Frank Luntz really is great at conning the American public with words. He's the king of conservative catch phrases which are most excellent when you try to fool swaths of people with false narratives.You've probably heard the term "right to work" state. To the ordinary person it might sound like a participating state is guarantying their constituents cushy jobs with pensions, health care benefits, free barbecue and two weeks of vacation time to start. They also might think it's the 28th amendment to the Constitution of the United States.
Anyway, all the braggadocio you hear on Fox and Fox Business about how totally awesome it is if you reside in a "right to work" state because you'll be gainfully employed and then those nasty unions can't destroy your lives and corrupt your children's morals. So how's that working out for them now?
One of the favored conservative talking points during this prolonged recession (and yes, it is one long continuous downturn for most Americans, regardless of how GDP-obsessed economists cook the growth numbers) has been that unemployment in mostly Southern, so-called "right to work" states has been stronger, while unemployment in more progressive states has been higher. These talking points, of course, have totally ignored the myriad factors involved in creating those statistics, including that most of those jobs tend to be near minimum wage; that low real estate prices, not business-friendly and jobs-friendly policies, are often driving growth in those areas; that many of the gains in these states are due to energy-related booms rather than core economic successes; and that the comparative lack of social safety nets in many of those states often makes life more difficult even for those who have been lucky enough duckies to get one of those low-wage jobs.
But even with those advantages, it looks like the "economic miracle" in the right-to-work states won't be a conservative talking point much longer:
When the unemployment rate rose in most states last month, it underscored the extent to which the deep recession, the anemic recovery and the lingering crisis of joblessness are beginning to reshape the nation’s economic map.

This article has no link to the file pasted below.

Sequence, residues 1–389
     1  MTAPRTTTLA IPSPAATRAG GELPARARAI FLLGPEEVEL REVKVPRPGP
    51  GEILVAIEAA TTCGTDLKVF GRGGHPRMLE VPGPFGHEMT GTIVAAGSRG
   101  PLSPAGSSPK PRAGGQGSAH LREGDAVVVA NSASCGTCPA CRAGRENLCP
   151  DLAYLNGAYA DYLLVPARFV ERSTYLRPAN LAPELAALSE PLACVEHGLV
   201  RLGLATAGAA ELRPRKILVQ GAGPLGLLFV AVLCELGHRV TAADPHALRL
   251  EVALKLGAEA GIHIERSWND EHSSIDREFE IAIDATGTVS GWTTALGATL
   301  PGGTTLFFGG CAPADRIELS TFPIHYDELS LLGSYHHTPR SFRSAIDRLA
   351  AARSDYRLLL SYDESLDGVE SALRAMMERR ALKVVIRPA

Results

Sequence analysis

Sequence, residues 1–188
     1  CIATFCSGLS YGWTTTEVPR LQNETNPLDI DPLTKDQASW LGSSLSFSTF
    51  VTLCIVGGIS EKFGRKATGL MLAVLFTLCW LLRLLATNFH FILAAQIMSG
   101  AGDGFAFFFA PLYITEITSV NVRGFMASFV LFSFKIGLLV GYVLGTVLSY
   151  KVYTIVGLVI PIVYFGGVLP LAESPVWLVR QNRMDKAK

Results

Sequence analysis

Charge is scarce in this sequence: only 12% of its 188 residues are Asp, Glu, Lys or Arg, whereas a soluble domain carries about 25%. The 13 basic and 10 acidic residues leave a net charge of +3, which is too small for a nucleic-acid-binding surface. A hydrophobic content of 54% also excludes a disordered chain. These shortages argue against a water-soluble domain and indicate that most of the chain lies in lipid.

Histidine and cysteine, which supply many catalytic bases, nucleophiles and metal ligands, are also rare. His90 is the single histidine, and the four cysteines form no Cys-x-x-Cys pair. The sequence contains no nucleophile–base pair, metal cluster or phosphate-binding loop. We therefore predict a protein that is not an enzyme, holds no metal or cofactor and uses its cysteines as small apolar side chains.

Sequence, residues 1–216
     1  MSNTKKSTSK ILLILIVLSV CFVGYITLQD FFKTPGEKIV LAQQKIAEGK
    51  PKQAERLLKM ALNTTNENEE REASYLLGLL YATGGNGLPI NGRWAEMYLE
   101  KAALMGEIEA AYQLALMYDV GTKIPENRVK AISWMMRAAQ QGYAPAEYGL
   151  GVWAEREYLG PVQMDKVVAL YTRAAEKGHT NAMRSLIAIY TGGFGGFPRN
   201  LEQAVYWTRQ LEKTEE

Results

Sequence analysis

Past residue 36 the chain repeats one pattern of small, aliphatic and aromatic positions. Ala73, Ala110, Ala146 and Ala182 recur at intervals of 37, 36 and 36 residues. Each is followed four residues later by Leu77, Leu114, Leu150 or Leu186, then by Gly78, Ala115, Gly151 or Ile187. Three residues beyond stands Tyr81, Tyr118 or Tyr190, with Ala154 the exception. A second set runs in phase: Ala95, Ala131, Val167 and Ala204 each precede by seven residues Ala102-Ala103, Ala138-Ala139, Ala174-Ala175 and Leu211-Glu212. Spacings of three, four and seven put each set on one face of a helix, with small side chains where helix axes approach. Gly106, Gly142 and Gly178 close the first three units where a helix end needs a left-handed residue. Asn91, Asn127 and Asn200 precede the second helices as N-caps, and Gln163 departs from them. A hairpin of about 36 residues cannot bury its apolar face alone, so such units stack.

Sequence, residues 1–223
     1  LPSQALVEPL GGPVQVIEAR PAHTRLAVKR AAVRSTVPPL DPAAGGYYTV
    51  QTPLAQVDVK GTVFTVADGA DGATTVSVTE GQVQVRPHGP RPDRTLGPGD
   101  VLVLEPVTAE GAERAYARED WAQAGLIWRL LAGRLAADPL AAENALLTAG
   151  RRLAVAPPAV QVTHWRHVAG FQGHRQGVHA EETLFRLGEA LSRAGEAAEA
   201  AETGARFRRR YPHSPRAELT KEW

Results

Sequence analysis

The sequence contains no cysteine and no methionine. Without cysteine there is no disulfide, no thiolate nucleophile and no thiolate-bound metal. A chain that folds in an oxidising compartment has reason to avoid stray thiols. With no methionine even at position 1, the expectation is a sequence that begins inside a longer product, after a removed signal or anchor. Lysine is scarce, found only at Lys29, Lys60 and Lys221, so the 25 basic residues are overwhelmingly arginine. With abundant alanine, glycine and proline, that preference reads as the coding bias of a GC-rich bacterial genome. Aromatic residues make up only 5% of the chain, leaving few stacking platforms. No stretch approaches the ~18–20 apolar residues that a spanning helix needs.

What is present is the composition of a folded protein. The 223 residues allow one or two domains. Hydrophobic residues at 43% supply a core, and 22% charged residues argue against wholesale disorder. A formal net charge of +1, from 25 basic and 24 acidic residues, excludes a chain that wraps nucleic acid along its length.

The once-booming South, which entered the recession with the lowest unemployment rate in the nation, is now struggling with some of the highest rates, recent data from the Bureau of Labor Statistics show.
Several Southern states — including South Carolina, whose 11.1 percent unemployment rate is the fourth highest in the nation — have higher unemployment rates than they did a year ago. Unemployment in the South is now higher than it is in the Northeast and the Midwest, which include Rust Belt states that were struggling even before the recession.
For decades, the nation’s economic landscape consisted of a prospering Sun Belt and a struggling Rust Belt. Since the recession hit, though, that is no longer the case. Unemployment remains high across much of the country — the national rate is 9.1 percent — but the regions have recovered at different speeds.
Now, with the concentration of the highest unemployment rates in the South and the West, some economists and researchers wonder if it is an anomaly of the uneven recovery or a harbinger of things to come...read on
Unfortunately, truth doesn't matter to conservative operatives, he beltway media and Roger Ailes so you won't hear anything about the struggles of these "right to work" states in context with their policies of banning unions which creates lower paying jobs. Bill O'Reilly has been opining this sentiment all year long:
'Even though the country is in dire economic trouble, largely because of liberal policies, they simply will not acknowledge that.'
See, it's our fault even when it isn't. We can't handle the truth. In Conservative-ville, Ronald Regan never tripled the federal debt, George Bush left America with a surplus, Obama raised federal taxes to historic levels and Al Gore attacked Iraq.